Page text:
This topology, or chirality, of the ventricular mass specifies the spatial relationship between the two ventricles irrespective of their orientation relative to the bodily coordinates (Fig. 1). The topological arrangement is said to be right-handed when the right ventricular septal surface accepts the palm of the observer’s right hand such that the thumb fits in the right ventricular inlet, or extends toward the atrial segment, and the fingers can be placed in the right ventricular outlet or toward the arterial segment (Fig. 1A). This right-handed pattern, equivalent to the D-loop ventricular relationship, is usually retained even if the spatial orientation of the ventricles is unexpected for the given atrioventricular connections. The left-handed pattern is found when the right ventricular septal surface accepts the palm of the observer’s left hand with the thumb in the right ventricular inlet or toward the atrial segment and the fingers in the right ventricular outlet or toward the arterial segment (Fig. 1B). This left-handed pattern, equivalent to the L-loop ventricular relationship, is, again usually retained even if the spatial orientation of the ventricles is unusual for the given atrioventricular connections.
It follows that the concept of ventricular topology, or looping, will be helpful in defining the intrinsic relationship between the ventricles within the ventricular mass should the hearts have been removed from the body. In this setting, the observer has the freedom to rotate the removed specimen in any direction so as to place the palm of one or other of her or his hands on the septal surface of the morphologically right ventricle. This concept of “placing of hands”, however, is much more difficult during imaging, and during interpretation of the images produced, since it requires the imagination of the observer to simulate the maneuver with the two-dimensional images displayed on a computer screen. The process is prone to error, making it difficult, on occasion, readily to explain the ventricular topology to others. This is particularly the case when the orientation of the ventricles themselves is unusual and complex. In this regard, the development of 3D modeling and printing presents a major breakthrough. As shown by the two cases reported in this issue, the observers can appropriately define the ventricular topology and relationship simply by rotating the 3D volume-rendered images on the computer screen, or the 3D-printed models in their hands. This can be achieved by using either of the two different approaches. The first is to replicate the approach taken by the morphologists and produce an en-face view of the right ventricular septal surface. The second approach, which may be more attractive to imagers, is to produce the ventricular apical view (Figs. 2 and 3). The right ventricular en-face septal view is produced by rotating the 3D image in such a way to place the ventricular septum parallel to the computer screen, with the right ventricular free wall facing the observer and the arterial trunks directed upward. Then, as can be achieved in pathological examination, the palm of the observer is placed on the computer screen. The ventricular apical view is reproduced by rotation of the 3D image in such a way as to place the two ventricles side-by-side, with the ventricular septum placed vertically and at right angles to the computer screen in a neutral position, with the tricuspid valvar orifice facing the observer and the arterial trunks directed upward. This view allows immediate recognition of the relationships of the two ventricles relative to the ventricular septum without having to use the hands. The principle can also be applied to a stack of short axis two-dimensional images that are displayed as seen from the ventricular apex. Application of either of these views in the two cases reported in this issue shows that, despite the concordant atrioventricular connections and situs solitus, there are left-handed ventricular topologic patterns, with L-loop ventricular relationships (Fig. 4). The ventricles are related mainly in anteroposterior fashion in the case reported by Perens et al. , and in superoinferior fashion in the case of Song et al. .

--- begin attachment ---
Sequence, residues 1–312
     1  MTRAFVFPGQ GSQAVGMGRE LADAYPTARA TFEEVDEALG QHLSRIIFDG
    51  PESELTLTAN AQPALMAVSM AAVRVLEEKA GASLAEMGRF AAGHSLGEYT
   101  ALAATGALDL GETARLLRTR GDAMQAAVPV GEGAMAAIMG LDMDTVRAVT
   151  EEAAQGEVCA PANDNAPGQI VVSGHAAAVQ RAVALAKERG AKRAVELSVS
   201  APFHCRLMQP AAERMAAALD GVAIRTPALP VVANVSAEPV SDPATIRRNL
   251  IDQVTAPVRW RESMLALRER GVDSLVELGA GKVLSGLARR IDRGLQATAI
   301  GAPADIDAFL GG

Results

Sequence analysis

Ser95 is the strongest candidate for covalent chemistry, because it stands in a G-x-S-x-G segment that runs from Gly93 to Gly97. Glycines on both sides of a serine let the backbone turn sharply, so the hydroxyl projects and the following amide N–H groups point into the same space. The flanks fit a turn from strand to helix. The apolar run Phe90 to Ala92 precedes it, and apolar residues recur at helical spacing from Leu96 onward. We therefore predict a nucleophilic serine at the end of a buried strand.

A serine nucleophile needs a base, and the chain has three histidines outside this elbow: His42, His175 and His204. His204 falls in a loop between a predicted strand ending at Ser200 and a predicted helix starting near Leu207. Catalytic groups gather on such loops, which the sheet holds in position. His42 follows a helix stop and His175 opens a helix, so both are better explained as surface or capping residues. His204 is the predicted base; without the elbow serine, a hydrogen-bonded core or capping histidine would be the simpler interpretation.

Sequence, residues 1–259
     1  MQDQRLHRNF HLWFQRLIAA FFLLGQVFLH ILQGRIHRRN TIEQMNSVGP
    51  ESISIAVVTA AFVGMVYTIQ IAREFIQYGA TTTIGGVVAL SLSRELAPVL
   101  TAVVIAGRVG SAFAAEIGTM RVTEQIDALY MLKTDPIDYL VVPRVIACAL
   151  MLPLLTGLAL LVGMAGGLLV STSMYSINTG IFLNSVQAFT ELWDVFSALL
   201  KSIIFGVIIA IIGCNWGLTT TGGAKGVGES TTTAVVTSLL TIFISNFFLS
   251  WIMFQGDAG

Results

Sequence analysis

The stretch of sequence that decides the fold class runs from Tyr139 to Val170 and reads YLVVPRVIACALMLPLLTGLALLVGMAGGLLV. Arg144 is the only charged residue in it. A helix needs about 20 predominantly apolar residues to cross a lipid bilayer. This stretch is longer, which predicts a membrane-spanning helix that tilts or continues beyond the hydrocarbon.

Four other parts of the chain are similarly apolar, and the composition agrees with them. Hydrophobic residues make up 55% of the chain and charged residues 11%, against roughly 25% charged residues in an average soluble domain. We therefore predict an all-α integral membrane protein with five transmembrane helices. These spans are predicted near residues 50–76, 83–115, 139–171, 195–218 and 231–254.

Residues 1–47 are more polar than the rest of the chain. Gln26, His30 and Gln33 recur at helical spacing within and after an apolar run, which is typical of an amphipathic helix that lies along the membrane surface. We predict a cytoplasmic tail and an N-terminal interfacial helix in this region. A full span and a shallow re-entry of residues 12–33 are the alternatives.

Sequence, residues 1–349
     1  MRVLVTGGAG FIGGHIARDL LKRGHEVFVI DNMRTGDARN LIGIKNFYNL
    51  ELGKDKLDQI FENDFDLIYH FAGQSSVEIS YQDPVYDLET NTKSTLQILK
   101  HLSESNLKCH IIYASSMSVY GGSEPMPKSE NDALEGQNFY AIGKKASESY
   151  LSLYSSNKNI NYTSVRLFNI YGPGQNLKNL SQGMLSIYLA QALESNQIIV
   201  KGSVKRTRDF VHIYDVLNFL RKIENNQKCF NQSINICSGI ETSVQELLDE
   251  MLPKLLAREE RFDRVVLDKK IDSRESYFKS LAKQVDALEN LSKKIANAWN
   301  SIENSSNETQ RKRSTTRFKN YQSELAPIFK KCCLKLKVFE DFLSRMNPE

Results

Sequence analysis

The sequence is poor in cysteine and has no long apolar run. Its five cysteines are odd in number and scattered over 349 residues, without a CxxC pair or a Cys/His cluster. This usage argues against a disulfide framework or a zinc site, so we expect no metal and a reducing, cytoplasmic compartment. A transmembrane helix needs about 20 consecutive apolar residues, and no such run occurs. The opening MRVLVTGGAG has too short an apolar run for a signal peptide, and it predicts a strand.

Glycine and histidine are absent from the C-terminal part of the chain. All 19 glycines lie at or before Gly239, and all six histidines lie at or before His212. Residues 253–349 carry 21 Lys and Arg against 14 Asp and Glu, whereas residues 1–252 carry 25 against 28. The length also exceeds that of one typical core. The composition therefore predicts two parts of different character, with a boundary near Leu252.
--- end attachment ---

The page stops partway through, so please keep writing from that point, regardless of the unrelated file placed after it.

As far as we are aware, the earliest report of a case showing the disharmonious ventricular relationship and topology for the given atrioventricular connection was provided by Wagner et al. in 1970, when describing a series of patients with right juxtaposition of the atrial appendages . In their Case 6, with situs solitus and concordant atrioventricular connections, the right atrium was connected to the posteriorly positioned right ventricle on the left side of the anteriorly positioned morphologically left ventricle. Wagner et al., however, in their initial account, mistakenly interpreted the ventricular inversion being the consequence of malrotation of a D-loop . When the case was reported again by van Praagh et al., in the proceedings of the first World Society of Paediatric Cardiology, the ventricular relationship was correctly described as representing an L-loop . Subsequent to this early report, Anderson and colleagues reported two cases with segmental disharmony, indicating that the problem of description was resolved when both the atrioventricular connection and the ventricular topology were specified separately. In their first case, there was a left-handed pattern of ventricular topology in the presence of concordant atrioventricular connections in the setting of situs solitus, which they described as usual atrial arrangement, with left juxtaposition of the atrial appendages . In their second case, which showed situs solitus with a left-sided heart, discordant atrioventricular connections were associated with right-handed ventricular topology, in this instance with right juxtaposition of the atrial appendages. Seo et al.  then described a case similar to the one reported by Wagner et al. . The two cases reported in this issue now show further examples of the hearts with disharmony between the atrioventricular connection and the ventricular relationship and topology [1,2].